On Monday, Sudan’s military arrested the country’s civilian leaders—including Prime Minister Abdalla Hamdok—in an apparent coup that’s likely to stymie the country’s already-slow progress toward political reform. The move comes just weeks after a failed takeover attempt by loyalists to ex-dictator Omar al-Bashir and amid repeated warnings that tensions between Sudan’s civilian and military leaders were reaching their breaking point. What’s next for Sudan and the global partners in its state-building project? Our experts weigh in.
TODAY’S EXPERT REACTION COURTESY OF
- Cameron Hudson (@_hudsonc): Nonresident senior fellow at the Africa Center and former chief of staff to the US special envoy to Sudan
Out of balance
- The delicate balancing act of Sudan’s political transition had “hit a wall” lately, Cameron tells us. And the writing for the coup was on that wall. For months, the transitional governing structure—split between the civilian leaders who helped topple Bashir in 2019 and Sudan’s powerful security services—had been unraveling, with the military particularly fearful of losing its grip on power.
- “Civilian leaders had essentially reached the limits of their ability to reform the political and economic space without the military giving an inch,” Cameron adds.
- Now, General Abdel Fattah al-Burhan has taken charge, dissolving that structure and declaring a state of emergency. The military says it will install a new technocratic government until the country holds elections in July 2023. Which makes Rama wonder: “Who will run? A soldier? A Sudanese Sisi?” referring to the Egyptian strongman Abdel Fattah al-Sisi.
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- As Sudan’s economy spiraled in recent weeks—inflation, for instance, has topped 400 percent—the military seized the moment to “accuse the government of ignoring the people’s needs,” Rama notes.
- While foreign aid has helped Sudan muddle along, Cameron adds, “a full-fledged recovery… was never going to be achieved without the military relinquishing its control over the major revenue-generating parts of the economy,” from port operations to gold mining to livestock exports.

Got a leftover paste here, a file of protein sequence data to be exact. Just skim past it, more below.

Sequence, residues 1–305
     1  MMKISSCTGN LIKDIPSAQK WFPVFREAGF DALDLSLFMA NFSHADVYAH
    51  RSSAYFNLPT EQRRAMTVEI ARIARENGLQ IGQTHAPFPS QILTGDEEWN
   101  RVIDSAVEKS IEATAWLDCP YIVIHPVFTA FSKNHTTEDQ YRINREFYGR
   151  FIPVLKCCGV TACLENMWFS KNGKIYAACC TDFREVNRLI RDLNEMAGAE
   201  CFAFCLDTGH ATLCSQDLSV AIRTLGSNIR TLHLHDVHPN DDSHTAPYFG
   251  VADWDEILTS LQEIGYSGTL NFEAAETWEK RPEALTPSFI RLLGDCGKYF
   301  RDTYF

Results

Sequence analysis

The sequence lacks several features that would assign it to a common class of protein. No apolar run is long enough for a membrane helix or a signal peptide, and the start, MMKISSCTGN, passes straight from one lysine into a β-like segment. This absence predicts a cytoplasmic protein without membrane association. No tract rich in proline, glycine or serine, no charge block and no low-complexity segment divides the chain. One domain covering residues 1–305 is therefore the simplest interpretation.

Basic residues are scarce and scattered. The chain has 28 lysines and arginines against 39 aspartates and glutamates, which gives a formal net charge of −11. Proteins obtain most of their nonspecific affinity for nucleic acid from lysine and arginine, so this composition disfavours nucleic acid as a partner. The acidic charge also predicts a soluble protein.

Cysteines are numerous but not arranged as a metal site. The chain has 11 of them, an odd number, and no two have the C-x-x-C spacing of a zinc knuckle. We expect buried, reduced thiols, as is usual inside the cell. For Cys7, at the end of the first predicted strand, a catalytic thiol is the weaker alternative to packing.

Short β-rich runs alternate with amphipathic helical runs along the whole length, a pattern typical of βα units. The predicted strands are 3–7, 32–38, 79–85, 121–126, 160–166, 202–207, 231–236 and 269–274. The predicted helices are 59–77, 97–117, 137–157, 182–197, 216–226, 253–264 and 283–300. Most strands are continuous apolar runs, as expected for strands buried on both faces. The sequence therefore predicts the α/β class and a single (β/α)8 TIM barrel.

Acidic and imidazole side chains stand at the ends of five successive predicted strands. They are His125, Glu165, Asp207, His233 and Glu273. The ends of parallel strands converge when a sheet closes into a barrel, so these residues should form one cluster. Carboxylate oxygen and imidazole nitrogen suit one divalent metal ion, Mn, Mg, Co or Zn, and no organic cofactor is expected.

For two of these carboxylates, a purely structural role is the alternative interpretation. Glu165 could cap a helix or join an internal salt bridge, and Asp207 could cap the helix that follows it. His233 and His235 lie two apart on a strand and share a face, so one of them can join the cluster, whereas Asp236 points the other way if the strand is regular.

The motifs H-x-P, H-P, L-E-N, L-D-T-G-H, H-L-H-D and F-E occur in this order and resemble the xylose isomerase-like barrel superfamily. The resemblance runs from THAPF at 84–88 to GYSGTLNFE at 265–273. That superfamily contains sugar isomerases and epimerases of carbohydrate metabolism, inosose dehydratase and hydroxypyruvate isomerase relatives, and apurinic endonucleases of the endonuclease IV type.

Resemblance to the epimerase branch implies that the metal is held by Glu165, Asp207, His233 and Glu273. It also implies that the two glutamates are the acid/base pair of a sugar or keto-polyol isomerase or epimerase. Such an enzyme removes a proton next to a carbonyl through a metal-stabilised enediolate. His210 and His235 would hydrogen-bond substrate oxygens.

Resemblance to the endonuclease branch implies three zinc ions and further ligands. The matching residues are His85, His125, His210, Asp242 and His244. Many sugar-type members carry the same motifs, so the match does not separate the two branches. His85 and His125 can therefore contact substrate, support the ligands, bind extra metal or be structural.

- As for the Western countries expressing shock and dismay at the upheaval in Sudan, Rama recommends they look in the mirror, considering the strictures that came with Sudan’s International Monetary Fund loans in recent years. “On the economic front, they should perhaps have supported this government rather than suffocating it with tough austerity measures that ended up plunging the population into despair and offering the military the ideal pretext they wanted to pull off this coup,” she tells us.
- And even tougher economic times are likely ahead as a result of the coup, Cameron predicts, since “international assistance will be quickly suspended, including Sudan’s debt-relief process” with the IMF.
- The military’s power grab will reverberate far beyond Sudan, Will says. Most regional powers “with interests in Sudan have never fully shared Washington’s commitment to a democratic transition,” he notes, and “some neighbors will undoubtedly quietly welcome the coup and its supposed promise of greater stability” in a country that has now suffered some sixteen coup attempts since 1956.
- It also throws into question the country’s much-vaunted normalization with Israel, Will adds. Sudanese Justice Minister Nasredeen Abdulbari met with Israeli officials on the margins of our N7 Conference earlier this month, “the first multilateral gathering between Israel and the six Arab states that have announced normalizations,” Will points out.
- But a formal normalization ceremony, for which the Biden administration had negotiated a substantial US aid package for Sudan, had been waylaid by scheduling problems, Will says. And now he thinks it won’t happen “anytime soon,” particularly since US law prevents most kinds of foreign assistance following a coup. The State Department announced Monday that it was halting $750 million in aid.
- Meanwhile, Cameron advises against any expectations that the West can push back against the coup. In fact, he says, just hours before the coup Burhan told Jeffrey Feltman, the US special envoy to the Horn of Africa, that he’d stay committed to civilian rule. “The military took this decision knowing full well the likely consequences of their actions,” Cameron explains. “So while the [international] condemnation will be quick and unanimous, it is unlikely to be sufficient to reverse this setback.”
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